September 19, 2014 at 1:23 am #25039
Brulen the 3M® HEPA Mask will work better, I got my 3M® HEPA Mask at Amazon for a total of $25. The link isSeptember 19, 2014 at 2:13 am #25045
A real respirator like the one Freedom has a link to will work under most condition. The valves in the mask prevent used air and moisture from exiting through the filter elements. The filters will need replacement after every use.
Decontamination of the mask without exposing yourself touching the filters and mask should be planned ahead of use.September 19, 2014 at 11:05 am #25062
Agree you will have to decontaminate everything you wear. The problem will be the airborne viruses that will be everywhere so decontamination will be hard.
If there is an airborne virus we will have to bug in our houses till the all clear happens. Buy the best A/C filters , make sure your windows and doors don’t let air in, store all your food and water inside your home, have your extra water filter inside your home and filter all water, have other ways of cooking inside like a gas range, they sale the small ones. The electricity may go down and if you do not have a way to cook you will have to go outside.
I like the idea of having paper plates and cups so I use them and burn them in the fireplace. Medicines, make sure you have what you need, also have ibuprofen, acetaminophen, a very good multi-vitamin, all the ones that have shown that they may do something to slow down a virus like echinacea, vitamin c, zinc, and eat well.
All viruses go to war with our immune system so we need to make sure it is as strong as possible.
Remember that airborne viruses go into your body though the nose, mouth or eyes so cleaning your hands a lot will help. Try not to touch your eyes or putting your hands in your mouth.September 19, 2014 at 11:19 am #25064
This fits the spread of ebola. It doesn’t need to mutate.
“A more appropriate question might be how long can a virus stay airborne? This can be answered if the size of the specific viral organism is known and how much weight it has to affect the ability of the respiratory droplet containing it to stay afloat on air currents produced by the cough or sneeze. Usually, especially for cold and flu viruses, this is only a matter of seconds and for a diameter of six feet from the person who coughs or sneezes and produces the respiratory droplets, otherwise, they fall from the air to land on surfaces in that approximate 6 foot area.”September 19, 2014 at 1:24 pm #25076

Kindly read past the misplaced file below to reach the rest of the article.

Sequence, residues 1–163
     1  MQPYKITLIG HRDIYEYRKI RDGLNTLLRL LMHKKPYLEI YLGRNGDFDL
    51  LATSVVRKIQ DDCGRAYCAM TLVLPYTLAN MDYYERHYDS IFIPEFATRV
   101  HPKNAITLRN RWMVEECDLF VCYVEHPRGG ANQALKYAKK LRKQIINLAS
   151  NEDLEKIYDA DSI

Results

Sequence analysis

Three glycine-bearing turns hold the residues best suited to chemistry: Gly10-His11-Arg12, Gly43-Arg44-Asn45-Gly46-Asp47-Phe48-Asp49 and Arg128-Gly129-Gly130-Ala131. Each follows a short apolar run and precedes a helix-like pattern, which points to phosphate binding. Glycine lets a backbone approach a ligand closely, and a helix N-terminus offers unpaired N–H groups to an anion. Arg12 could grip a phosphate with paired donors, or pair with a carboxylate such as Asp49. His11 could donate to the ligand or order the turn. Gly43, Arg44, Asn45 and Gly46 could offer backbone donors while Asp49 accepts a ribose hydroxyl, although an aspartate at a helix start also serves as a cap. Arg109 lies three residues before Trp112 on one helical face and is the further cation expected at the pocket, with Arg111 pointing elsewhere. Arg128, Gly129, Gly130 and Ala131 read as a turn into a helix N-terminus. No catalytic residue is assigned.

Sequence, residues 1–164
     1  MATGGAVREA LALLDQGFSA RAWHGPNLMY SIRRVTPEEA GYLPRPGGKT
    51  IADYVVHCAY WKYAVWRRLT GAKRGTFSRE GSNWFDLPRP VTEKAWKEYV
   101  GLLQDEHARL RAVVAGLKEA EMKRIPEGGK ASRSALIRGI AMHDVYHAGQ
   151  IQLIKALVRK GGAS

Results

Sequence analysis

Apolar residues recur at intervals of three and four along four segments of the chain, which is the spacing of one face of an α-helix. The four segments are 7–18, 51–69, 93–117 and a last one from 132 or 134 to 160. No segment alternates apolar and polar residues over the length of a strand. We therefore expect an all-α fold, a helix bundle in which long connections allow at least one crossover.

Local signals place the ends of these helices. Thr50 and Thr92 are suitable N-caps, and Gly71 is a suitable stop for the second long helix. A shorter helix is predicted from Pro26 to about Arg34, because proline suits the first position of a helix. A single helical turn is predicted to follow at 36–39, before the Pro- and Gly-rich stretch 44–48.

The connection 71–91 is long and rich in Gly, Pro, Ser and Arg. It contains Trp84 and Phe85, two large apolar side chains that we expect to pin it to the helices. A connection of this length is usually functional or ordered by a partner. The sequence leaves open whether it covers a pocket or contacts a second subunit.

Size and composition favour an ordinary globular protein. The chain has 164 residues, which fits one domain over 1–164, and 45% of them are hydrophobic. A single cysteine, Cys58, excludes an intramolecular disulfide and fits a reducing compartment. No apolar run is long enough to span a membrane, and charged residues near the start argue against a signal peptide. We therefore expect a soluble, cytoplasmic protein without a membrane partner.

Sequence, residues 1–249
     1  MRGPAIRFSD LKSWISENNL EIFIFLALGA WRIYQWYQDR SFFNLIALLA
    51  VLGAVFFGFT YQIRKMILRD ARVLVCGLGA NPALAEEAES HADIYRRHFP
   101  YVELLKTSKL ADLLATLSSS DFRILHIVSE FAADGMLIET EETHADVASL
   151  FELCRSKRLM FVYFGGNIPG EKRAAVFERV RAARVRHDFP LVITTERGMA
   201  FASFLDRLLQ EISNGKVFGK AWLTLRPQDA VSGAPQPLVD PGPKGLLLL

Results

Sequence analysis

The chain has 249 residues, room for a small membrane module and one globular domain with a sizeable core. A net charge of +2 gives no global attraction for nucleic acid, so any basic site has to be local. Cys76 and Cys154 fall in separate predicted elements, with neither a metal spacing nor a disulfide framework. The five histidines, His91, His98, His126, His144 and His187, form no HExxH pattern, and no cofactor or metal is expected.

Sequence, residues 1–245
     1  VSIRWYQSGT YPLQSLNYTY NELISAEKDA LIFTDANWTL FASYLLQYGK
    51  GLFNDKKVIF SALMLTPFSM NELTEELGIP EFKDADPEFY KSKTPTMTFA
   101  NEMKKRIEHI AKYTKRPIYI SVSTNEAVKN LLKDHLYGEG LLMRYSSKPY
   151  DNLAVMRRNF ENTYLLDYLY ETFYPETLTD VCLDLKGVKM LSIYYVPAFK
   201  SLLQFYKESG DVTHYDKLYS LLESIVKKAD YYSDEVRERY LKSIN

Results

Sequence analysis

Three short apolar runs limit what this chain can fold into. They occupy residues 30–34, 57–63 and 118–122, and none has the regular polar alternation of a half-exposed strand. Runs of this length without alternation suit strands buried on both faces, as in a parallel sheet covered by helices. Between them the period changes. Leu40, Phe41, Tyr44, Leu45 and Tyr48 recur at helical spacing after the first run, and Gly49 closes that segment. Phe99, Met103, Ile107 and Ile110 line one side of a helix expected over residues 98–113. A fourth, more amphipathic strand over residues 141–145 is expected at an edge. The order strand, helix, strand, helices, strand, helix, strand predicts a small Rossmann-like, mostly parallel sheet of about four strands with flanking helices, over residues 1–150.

Also 74 is the question of how long does the virus live on a surface after it fulls from the air. Some viruses last for days and some die in minutes or hours. This is a very important question since many will cough or sneeze in there hands and then touch a door or desk and the virus is there for someone else to touch.September 19, 2014 at 2:21 pm #25077
The way it is I try to never touch anything in public places. I use the back of my hand when i have to push on an emergency door opener, and I look for a high spot that is not used near the top of the door any other time. Pulling doors open is a problem because you must use the handle. I never touch a railing or anything other people can reach. paying on a key pad is another problem area. If things go bad and I must go out I was thinking of carrying plastic wrap to use as a disposable covers. Use them and let them drop to the floor.September 19, 2014 at 2:59 pm #25080
Thought you ebola guys would find this interesting:
“SURVIVAL OUTSIDE HOST: Filoviruses have been reported capable to survive for weeks in blood and can also survive on contaminated surfaces, particularly at low temperatures (4°C) Footnote 52 Footnote 61. One study could not recover any Ebolavirus from experimentally contaminated surfaces (plastic, metal or glass) at room temperature Footnote 61. In another study, Ebolavirus dried onto glass, polymeric silicone rubber, or painted aluminum alloy is able to survive in the dark for several hours under ambient conditions (between 20 and 250C and 30–40% relative humidity) (amount of virus reduced to 37% after 15.4 hours), but is less stable than some other viral hemorrhagic fevers (Lassa) Footnote 53. When dried in tissue culture media onto glass and stored at 4 °C, Zaire ebolavirus survived for over 50 days Footnote 61. This information is based on experimental findings only and not based on observations in nature. This information is intended to be used to support local risk assessments in a laboratory setting.”
It’s from hereSeptember 19, 2014 at 8:02 pm #25095
Thanks Tweva,September 19, 2014 at 9:01 pm #25097
That is good information. So it looks like heat will kill it as very cold does too.
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